Tintin and the issue of race

Tintin in the Congo is the most difficult of Hergé’s Tintin strips. It first appeared in 1930 in the “Petit Vingtiéme”, the newspaper for which he worked , and in book form during 1931.

His manager, the Abbé Norbert Wallez, was a card carrying fascist supporter, hence the hatchet job on the Communist Revolution in Russia depicted in Tintin in the Land of the Soviets. Belgium was also the colonial power in the Congo, a régime known for its brutal treatment of its native inhabitants. The Congo strip portrays the fearless white colonial power and the stupid black inhabitants. When Tintin’s car gets trapped on a railway line and is hit by a train. Incredibly it is the train which is damaged and when Tintin says “Are you ashamed to let a dog do all the work?”, the reply from one caricatured black people is “But… me get dirty…” (No page numbers in my edition of Tintin in the Congo).  The Congo is also portrayed as the land of superstition with a corrupt witch doctor who will inevitably be defeated by the  rational, young White reporter.

Both Congo and the Land of the Soviets show Hergé at his worst, having to parrot the Right Wing line, yet he changed this and confronted his own and European prejudices in The Blue Lotus.

After he saves Chang from the Japanese Mitsuhiro’s plots, Chang says, “I thought all white devils were wicked, like those who killed my grandfather and grandmother long ago” (Blue Lotus, p43). Tintin responds “But Chang, all white men all white men aren’t wicked. You see different peoples don’t know enough about each other. Lots of Europeans still believe that all Chinese are cunning and cruel and wear pigtails, are always inventing tortures”(Blue Lotus, p43). Though the conversation covers the Chinese people (the only Japanese person is a caricature – though Hergé was one of the few people to deal with the brutal Japanese invasion of China), his point rings true with the collapse of the European imperial project. Through the death of the imperial certainty of the rightness of their rule, attitudes collided with the realities that the ruled population were people as well.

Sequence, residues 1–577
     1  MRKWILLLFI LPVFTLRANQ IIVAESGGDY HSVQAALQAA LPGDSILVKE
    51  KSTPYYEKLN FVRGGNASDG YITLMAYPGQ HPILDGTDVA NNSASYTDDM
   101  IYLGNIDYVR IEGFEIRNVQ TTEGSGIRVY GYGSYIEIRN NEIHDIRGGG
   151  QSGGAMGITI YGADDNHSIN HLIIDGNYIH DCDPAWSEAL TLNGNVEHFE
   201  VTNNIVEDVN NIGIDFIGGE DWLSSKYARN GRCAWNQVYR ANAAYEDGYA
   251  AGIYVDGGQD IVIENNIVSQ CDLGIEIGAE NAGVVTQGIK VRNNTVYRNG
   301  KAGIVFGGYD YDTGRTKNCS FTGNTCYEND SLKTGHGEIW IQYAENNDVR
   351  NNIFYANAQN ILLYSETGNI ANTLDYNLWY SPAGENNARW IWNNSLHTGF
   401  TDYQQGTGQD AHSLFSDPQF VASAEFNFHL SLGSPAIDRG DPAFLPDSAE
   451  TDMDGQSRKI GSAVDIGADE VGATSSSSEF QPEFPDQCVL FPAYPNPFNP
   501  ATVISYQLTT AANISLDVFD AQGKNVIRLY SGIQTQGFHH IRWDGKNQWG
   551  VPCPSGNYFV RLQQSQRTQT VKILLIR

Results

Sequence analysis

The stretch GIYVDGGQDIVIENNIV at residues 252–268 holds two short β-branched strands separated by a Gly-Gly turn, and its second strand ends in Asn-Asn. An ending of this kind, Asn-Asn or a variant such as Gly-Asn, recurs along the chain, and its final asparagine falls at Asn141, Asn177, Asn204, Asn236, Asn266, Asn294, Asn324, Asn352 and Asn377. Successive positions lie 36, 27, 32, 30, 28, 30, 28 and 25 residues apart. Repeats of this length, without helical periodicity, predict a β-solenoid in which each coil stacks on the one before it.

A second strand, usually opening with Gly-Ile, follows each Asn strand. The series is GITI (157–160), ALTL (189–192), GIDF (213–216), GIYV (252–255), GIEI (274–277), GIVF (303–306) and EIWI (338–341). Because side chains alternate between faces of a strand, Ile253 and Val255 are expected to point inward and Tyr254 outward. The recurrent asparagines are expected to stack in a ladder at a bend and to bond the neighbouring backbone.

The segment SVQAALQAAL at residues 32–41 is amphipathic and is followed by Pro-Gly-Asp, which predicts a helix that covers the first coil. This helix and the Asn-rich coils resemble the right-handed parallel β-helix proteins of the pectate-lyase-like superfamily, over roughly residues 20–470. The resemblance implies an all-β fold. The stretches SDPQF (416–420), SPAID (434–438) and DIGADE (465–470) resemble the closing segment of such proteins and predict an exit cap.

But that cannot be the only reason why he made the change of mind?  In 1934, Hergé met Tchang Tchong Jan who altered his style into the visually rich one we find from Lotus onwards. In Tintin and the Secret of Literature, Tom McCarthy recounts how the conversations that both had about different people’s of the world “broke apart Hergé’s European absolutism”(Secret of Literature, p48).

The politics of Tintin and its creator are fluid and changing. In these early books, we see Hergé confront himself and his own attitudes. It also mirrors the continuing end of European absolutism and the change of the world, echoing the changes the Kipling’s views had been subjected to earlier in the century with the beginning of the end of British Imperial rule. That Tintin in the Congo still causes issues today shows the depth of the offence that its content can causes but it should be taken as a period piece.

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